Get email updates
Receive great industry news once a week in your inbox
As a dentist, you want to give your patients the best care possible. You try to find all the problems that your patients have, and suggest solutions that will have the maximum positive impact on their health.
But, many times, your patients won't agree with your treatment plan, or simply not follow through with their treatment. One of the main reasons for that is a lack of trust, which stems from the lack of a healthy relationship between you and the patient.
The key to success in a dental practice is an excellent patient-provider relationship, even the ADA has proven so.
With relationships being such an important part of your practice's success, you should actively seek to improve your relationships with your patients. But, how do you do it? How do you approach treatment planning with a relationship building approach? That's what we are discussing today in this article.
When you make a treatment plan, you use your expertise and experience in deciding the best course of action. But, the patient doesn't have the knowledge or the experience to judge if the treatment plan is the best for them.
The best solution for you and the patient is that you explain the treatment plan to them in detail. Once you've performed the diagnosis, sit down with the patient with all the diagnostic information and X-rays, and spend some time explaining in simple terms what you've found, what needs to be done, and what will happen if the symptoms are left untreated. Make sure to encourage patients to ask if they have any questions and clear any misunderstandings.
Explaining the treatment options in a jargon-free manner is not only a great opportunity for you to demonstrate your clinical expertise, but also obtain informed consent from the patient—which is an excellent basis for creating an on-going relationship.
Another important thing to remember is that not all patients are the same. Each patient has a different pain tolerance, financial capabilities, aesthetic preferences, and other treatment preferences. For the treatment to be a pleasant experience, the treatment plan should be tailored to the patient’s needs.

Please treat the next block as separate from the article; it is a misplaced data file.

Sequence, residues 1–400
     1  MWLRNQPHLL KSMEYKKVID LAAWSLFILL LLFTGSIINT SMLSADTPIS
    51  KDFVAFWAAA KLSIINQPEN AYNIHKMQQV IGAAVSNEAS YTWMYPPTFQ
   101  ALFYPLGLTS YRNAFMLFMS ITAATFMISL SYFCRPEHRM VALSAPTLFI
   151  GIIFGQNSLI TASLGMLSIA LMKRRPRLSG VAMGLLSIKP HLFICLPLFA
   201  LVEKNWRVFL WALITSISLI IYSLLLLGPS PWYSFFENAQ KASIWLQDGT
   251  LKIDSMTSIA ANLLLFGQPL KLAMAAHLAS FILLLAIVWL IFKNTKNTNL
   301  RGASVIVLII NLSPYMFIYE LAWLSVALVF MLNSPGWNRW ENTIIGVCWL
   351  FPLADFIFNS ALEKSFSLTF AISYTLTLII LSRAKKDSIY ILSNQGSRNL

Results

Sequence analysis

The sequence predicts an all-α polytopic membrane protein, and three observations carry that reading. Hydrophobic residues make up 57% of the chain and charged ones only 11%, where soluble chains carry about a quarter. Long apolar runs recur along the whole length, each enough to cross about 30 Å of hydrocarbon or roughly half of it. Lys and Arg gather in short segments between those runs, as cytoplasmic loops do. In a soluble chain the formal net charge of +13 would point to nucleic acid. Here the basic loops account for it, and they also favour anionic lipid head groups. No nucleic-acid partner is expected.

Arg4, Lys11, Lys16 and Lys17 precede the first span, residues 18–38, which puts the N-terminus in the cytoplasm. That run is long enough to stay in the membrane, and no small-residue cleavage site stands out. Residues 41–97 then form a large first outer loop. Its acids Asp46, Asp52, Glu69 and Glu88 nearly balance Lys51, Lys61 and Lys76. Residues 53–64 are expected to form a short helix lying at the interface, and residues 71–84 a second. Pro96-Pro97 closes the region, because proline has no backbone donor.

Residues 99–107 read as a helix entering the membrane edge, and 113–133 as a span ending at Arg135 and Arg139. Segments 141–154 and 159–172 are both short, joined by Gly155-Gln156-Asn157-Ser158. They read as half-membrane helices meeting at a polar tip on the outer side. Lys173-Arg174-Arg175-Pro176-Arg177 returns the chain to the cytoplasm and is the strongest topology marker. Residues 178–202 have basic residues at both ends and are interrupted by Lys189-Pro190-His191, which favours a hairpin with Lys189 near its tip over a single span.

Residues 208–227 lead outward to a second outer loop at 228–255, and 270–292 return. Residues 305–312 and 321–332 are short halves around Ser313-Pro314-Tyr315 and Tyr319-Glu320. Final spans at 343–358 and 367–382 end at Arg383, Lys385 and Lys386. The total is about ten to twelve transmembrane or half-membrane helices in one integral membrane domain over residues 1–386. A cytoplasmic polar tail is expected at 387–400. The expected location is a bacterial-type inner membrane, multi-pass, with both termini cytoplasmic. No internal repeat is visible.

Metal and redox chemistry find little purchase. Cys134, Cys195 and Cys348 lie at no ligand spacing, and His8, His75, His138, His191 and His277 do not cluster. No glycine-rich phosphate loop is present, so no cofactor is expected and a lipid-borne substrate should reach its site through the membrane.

Instead of making a call about which treatment is better for the patient, an ideal way to approach the problem is to provide multiple treatment options wherever possible. Help the patient understand the pros and cons of each of the treatment options and put them in control by asking them which plan suits them the best.
The next tip is about money. Discussing fees with patients is rarely pleasant or even comfortable, but it has to be done. Most patients will rarely open up about their expectations regarding money, so it’s important that you take the lead.
Most patients have some expectations or “anchors” regarding pricing for specific treatments. A major deviation from that expectation can be a cause of discomfort and lack of treatment follow-through.
Therefore, it is important to avoid any surprises with payments. Making sure that their insurance quotes are accurate and up to date, clearly explaining your fee structure, proactively communicating any fee changes, and making them aware about any factors that may cause the fee to change are just some of the things that you can do to manage your patient’s expectations regarding finances.
It has been well documented that dental care is one of the most fear and anxiety producing forms of health care for patients. But, it is also proven that a successful dentist-patient relationship paves the way for lower anxiety and better therapeutic results for patients, and an improved closing rate for dentists.
Relationship building is a constant process, and the treatment planning phase is no different. By following our advice, you can transform the treatment planning process from being an anxiety-inducing, painful process to one that helps you build a great relationship with your patients. The result of this transformation is a higher acceptance rate, an increase in the number of referrals, and more business for your practice.